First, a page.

“Alright,” she said. “But you have to pay for it, dead or alive, and Dad can’t know. Dad hates snakes.”
Harry, her father was the owner and namesake of the little aquarium shop. He had started it with just a few aquariums in his basement twenty years previously. The business had grown over the years until he was forced to either quit his full time job or hand over the reins to Sharon, his youngest daughter. He still lived upstairs, but she managed the place on her own. He would likely never see the invoice.
Sharon placed the order against her better judgement. When the shipment arrived, she called Thad immediately, and the transaction went down with neither hitch nor Harry’s knowledge. She thought she was out of the woods, but then the snake, a Haitian Vine Boa, escaped into Thad’s apartment and was gone for good, likely cooked in the heating vents, and he was back on her doorstep begging her to order another. And then another. Today’s shipment was his third.
The new girl worked the following day by herself. Sundays were usually slow and sleepy, and this day was no exception.
She stood at the sink scraping the hard water line from an aquarium with salt and a razor blade. She looked up when she heard the jingle of the door and was surprised to see Thad. He never came around on his days off. It was one of the many things she disapproved of when it came to Thad. She had a list.
She was even more surprised to see him holding a pillowcase, or more correctly, holding something inside a pillowcase. She frowned.
“What’s that?” she asked.
“My new snake,” he said proudly.
“Why is it here?” she asked haughtily, pretending disapproval to mask her terror. She had never seen a living snake up close, and she was pretty sure she didn’t want to now.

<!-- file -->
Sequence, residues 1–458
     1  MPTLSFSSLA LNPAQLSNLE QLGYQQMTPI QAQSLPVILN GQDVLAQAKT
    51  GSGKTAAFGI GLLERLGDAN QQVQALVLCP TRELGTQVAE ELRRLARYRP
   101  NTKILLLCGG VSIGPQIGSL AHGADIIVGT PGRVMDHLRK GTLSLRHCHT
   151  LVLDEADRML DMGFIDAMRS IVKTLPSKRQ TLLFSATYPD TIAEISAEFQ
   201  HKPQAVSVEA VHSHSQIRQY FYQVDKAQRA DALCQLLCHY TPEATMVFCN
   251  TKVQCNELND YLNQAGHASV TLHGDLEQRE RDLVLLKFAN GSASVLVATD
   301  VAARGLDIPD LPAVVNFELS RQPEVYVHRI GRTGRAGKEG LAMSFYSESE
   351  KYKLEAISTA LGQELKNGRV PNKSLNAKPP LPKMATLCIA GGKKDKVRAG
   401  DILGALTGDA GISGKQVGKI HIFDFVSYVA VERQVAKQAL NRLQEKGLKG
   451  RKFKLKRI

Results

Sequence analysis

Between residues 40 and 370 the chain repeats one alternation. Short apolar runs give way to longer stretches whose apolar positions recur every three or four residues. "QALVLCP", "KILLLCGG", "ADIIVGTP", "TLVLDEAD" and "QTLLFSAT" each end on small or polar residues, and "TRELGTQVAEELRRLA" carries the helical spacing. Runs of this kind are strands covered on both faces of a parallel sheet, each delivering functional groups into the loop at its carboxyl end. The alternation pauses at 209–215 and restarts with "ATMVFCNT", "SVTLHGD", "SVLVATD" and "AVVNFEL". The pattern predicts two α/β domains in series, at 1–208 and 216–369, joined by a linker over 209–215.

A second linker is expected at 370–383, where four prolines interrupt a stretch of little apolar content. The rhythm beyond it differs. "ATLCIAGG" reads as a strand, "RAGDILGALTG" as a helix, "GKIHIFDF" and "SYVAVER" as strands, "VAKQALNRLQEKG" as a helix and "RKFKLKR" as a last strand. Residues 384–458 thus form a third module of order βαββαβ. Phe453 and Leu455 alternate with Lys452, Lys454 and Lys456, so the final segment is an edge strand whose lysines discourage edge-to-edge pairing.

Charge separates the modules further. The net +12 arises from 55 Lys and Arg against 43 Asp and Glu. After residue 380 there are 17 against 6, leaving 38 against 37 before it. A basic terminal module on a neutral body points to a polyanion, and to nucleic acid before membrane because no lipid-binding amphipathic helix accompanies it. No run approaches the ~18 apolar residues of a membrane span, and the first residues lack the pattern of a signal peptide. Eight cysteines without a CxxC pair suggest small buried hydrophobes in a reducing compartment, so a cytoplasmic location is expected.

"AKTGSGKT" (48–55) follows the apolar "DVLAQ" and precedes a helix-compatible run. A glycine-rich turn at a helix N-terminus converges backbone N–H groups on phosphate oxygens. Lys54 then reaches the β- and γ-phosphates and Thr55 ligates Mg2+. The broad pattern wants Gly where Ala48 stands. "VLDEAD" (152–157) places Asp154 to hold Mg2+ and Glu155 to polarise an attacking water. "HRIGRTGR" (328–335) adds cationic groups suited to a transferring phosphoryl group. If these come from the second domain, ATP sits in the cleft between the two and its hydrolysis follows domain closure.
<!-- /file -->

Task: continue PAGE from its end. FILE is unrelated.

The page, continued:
He laughed, seeing right through her and making her hate him more. “Is Harry home?”
“No,” she said, stuffing down her fear and turning back to attack the hard water line with new zeal.
“Good,” Thad said gleefully. She looked up to find him reaching into the bag.
“What are you doing?” she demanded, her voice an odd point somewhere between a his and a squeal.
“Hang on,” he said, furrowing his brows in concentration. “Relax. It’s a ball python. When they get scared, they roll up in a ball.”
She didn’t answer, her blade squeaking on the aquarium glass like fingernails on a chalkboard.
She didn’t look up until she heard him say “Oh, no.” The snake, a wild-caught, thin specimen about three feet long, had clearly not read the manuals on typical ball python behavior. It showed no inclination whatsoever to roll into a ball but a rather strong desire to bite Thad somewhere in the vicinity of his face. He managed to pin the snake’s head, pressing the animal’s mouth closed with the balls of this thumbs while the snake twined its back end all the way up his arm.
The new girl took a step back, away from crazed snake and handler. She looked over her shoulder to plan the best escape route should Thad drop the snake at the same time the snake dropped him. A thump from above stopped them both in their tracks. Harry was home.
Thad said a word the new girl had only read on bathroom walls. “Help me!” he squeaked, gesturing as if he thought she might actually step forward and assist him in his snake-handling endeavors. His hand was turning purple.